Getting a Wii on launch day was an adventure. Luckily, not a long, painful, cold and rainy adventure, but a 2-hour long, coffee drinking, moderately chilly one. I was lucky enough to be eighth in line without a pre-order at my local toy store.
When I got home and got my Wii set up, the very first thing I did was create a Mii character of myself. I wanted my Wii Sports experience to lack nothing, and I was not at all disappointed.
Mii creation is extraordinarily simple, and I found that it's possible to get a decent match for roughly 70% of the faces I tried to recreate. Perhaps with more fiddling, I'll be able to increase that number.
With my trusty Mii in hand, I was ready to tackle Wii Sports. I slid the disc in, taking a moment to figure out which way the shiny side is meant to be facing (on a vertical slot-loader, this is not as obvious as it should be). The load time is relatively short and the splash intro screen is nice to look at if you're into minimalist graphic design. However, throughout the game, there are a few too many dialogue boxes popping up, asking you to press buttons, it seems, for the sake of pressing buttons. This gets a titch annoying after a while.
Once you actually get into playing one of the five available sports (tennis, baseball, golf, bowling and boxing), the entire experience takes a turn for the better. The game presents itself well. It's not exactly a graphical marvel, compared to what else it available out there, but the characters and objects are all well-rendered and the textures aren't bad at all. When you consider that this was never meant to be a visually stunning game, but rather a fun, even cute, way to show off the Wii Remote, a glorified tech demo, if you will, you begin to appreciate the amount of work that did go into creating such things as the textured grass in the baseball diamond, and the extremely realistic physics of the bowling pins being knocked down. Also, I have yet to see a pixilated texture, even in the close-up shots.
One caveat: I was disappointed in the lack of spectators in certain sports. For example, the baseball crowd is a flat surface with circles on it.
On the other hand, perhaps the shortage of rendered spectators isn't so much of a bad thing. After all, what do fans do but distract the athlete? Athletes must concentrate, and so must a player of Wii Sports. Playing the game is not difficult – the mechanics of the controls are unspeakably easy, there are no complex button combos, no strategy boards, none of what usually complicates a sports video game. It's a simple matter of hit or miss, and while it's usually fairly easy to hit, hitting well takes serious finesse. The game features a handy training program to help you out in this department. There is also a fitness test available daily (much like the test in Brain Age). It takes you through a series of mini games and then spits out your "Fitness Age" based on balance, accuracy and things like that. Who knows how reliable it is, but it's a fun way to see how you're improving.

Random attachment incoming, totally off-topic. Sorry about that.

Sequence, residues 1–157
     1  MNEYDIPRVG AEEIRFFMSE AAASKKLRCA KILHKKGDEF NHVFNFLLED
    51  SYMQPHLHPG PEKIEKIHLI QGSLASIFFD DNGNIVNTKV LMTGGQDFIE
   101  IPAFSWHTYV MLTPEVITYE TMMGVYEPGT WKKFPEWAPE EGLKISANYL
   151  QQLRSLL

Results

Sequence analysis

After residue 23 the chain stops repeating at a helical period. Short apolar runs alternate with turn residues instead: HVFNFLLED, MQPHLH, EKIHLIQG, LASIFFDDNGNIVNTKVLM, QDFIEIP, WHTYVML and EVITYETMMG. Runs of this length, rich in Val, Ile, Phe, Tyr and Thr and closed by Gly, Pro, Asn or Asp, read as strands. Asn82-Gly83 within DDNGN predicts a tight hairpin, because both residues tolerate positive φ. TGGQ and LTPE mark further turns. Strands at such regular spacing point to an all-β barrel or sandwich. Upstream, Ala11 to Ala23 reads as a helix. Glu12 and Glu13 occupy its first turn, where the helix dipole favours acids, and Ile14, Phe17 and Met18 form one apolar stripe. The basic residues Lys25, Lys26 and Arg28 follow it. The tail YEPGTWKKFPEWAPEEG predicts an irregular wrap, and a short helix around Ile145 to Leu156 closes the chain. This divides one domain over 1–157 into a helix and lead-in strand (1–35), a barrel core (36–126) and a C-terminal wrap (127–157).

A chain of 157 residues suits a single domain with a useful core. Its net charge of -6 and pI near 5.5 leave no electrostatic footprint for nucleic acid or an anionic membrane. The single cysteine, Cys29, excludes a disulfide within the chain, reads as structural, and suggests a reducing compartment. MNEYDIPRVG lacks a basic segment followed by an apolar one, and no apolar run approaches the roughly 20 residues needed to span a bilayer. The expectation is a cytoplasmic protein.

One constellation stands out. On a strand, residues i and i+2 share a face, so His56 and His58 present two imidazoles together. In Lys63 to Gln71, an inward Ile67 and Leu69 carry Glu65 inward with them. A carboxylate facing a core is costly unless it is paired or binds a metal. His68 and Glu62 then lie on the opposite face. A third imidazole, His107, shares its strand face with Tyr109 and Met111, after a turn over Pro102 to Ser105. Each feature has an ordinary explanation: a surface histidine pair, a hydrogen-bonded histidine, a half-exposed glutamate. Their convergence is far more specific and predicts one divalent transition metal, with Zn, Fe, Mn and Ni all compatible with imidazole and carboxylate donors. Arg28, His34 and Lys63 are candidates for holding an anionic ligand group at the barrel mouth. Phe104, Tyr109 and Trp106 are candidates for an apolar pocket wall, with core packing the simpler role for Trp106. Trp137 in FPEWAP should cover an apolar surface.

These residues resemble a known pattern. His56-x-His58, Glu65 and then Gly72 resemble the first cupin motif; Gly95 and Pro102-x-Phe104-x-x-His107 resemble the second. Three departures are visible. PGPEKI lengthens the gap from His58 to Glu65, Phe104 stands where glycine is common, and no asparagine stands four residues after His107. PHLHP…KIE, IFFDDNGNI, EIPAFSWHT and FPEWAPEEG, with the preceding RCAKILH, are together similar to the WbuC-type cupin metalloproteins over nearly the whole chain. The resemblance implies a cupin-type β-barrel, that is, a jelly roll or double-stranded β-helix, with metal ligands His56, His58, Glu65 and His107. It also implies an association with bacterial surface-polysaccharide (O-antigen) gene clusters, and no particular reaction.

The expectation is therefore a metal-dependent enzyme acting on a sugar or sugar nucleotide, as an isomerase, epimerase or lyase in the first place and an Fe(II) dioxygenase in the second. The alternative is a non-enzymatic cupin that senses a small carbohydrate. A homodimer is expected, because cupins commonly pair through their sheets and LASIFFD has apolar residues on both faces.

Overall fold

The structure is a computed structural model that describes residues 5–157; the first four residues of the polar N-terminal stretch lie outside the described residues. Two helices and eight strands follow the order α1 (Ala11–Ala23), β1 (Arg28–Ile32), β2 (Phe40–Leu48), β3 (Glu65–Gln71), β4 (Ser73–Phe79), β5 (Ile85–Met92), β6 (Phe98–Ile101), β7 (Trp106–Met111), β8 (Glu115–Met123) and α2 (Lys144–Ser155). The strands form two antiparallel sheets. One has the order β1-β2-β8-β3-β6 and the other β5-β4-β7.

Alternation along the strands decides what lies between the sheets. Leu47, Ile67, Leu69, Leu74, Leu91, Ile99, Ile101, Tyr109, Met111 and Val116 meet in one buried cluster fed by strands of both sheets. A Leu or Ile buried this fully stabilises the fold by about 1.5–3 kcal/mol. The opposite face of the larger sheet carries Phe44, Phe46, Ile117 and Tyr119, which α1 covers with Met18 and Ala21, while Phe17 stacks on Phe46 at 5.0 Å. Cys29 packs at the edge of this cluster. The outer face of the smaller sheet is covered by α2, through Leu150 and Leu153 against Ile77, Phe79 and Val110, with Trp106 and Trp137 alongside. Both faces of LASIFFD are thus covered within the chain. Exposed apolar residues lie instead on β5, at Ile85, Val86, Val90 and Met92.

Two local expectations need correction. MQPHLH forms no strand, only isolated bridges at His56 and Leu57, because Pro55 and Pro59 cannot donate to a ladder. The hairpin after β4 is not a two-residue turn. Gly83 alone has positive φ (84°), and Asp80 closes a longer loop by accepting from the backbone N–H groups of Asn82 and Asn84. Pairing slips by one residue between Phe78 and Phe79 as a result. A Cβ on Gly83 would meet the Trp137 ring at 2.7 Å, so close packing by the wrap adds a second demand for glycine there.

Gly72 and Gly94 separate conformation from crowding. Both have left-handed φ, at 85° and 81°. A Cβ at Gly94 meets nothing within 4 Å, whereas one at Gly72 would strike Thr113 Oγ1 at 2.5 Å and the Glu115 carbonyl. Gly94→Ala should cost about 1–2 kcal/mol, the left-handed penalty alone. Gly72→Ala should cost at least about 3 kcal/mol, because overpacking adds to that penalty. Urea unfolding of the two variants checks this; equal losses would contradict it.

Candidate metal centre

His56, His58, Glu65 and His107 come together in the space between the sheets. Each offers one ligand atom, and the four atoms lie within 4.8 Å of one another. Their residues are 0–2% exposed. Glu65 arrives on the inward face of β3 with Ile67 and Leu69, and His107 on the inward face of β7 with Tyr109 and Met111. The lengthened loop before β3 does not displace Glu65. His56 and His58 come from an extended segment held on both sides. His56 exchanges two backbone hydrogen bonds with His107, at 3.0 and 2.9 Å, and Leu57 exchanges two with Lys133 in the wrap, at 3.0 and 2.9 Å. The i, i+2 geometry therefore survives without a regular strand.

Tennis is the flagship sport of Wii Sports, and it shows. You can tell they spent more time on Tennis than any of the others. The courts are lovely, and there are even fully rendered spectators. The character animations are amusing too, especially when you make your front court Mii swing hard at a high lob. The jumping and twisting and ending up in the dirt are quite comical, and surprisingly realistic, even when performed by a stubby little cartoon of me, with disembodied hands.
Tennis and baseball are all about timing, swing too early, and you'll hit the ball out of bounds, same if you swing too late. Apparently you can control the spin of the ball in tennis by twisting the controller forward or back as you swing. I've not been able to see any noticeable difference in the ball's trajectory or bounce. Oh well, I'm sure I'll get it eventually.
For the most part, in each sport, your Mii does what you want it to do, when you want it to do it. There are a few exceptions, such as false serves in tennis, and early pitches in baseball. The worst offender seems to be boxing, which seems to be the only sport where you can't actually move your arms as if you were playing in real life. So far, boxing for me consists of wildly flinging my arms forward and hoping my Mii does the same. Perhaps more training is necessary.
Overall, Wii Sports is extremely fun to play, and is definitely a good "gateway" game for non-gamers. This is one you can feel confident about showing your family and friends who are normally saying things like "pish-tosh" when you bring up video games. Although it's not exactly a title to die for, don't make the mistake of discounting Wii Sports as just a cheap throw-in. It's a good, fun, different take on the way we play sports games. And it's great for showing off your spanky new Wii.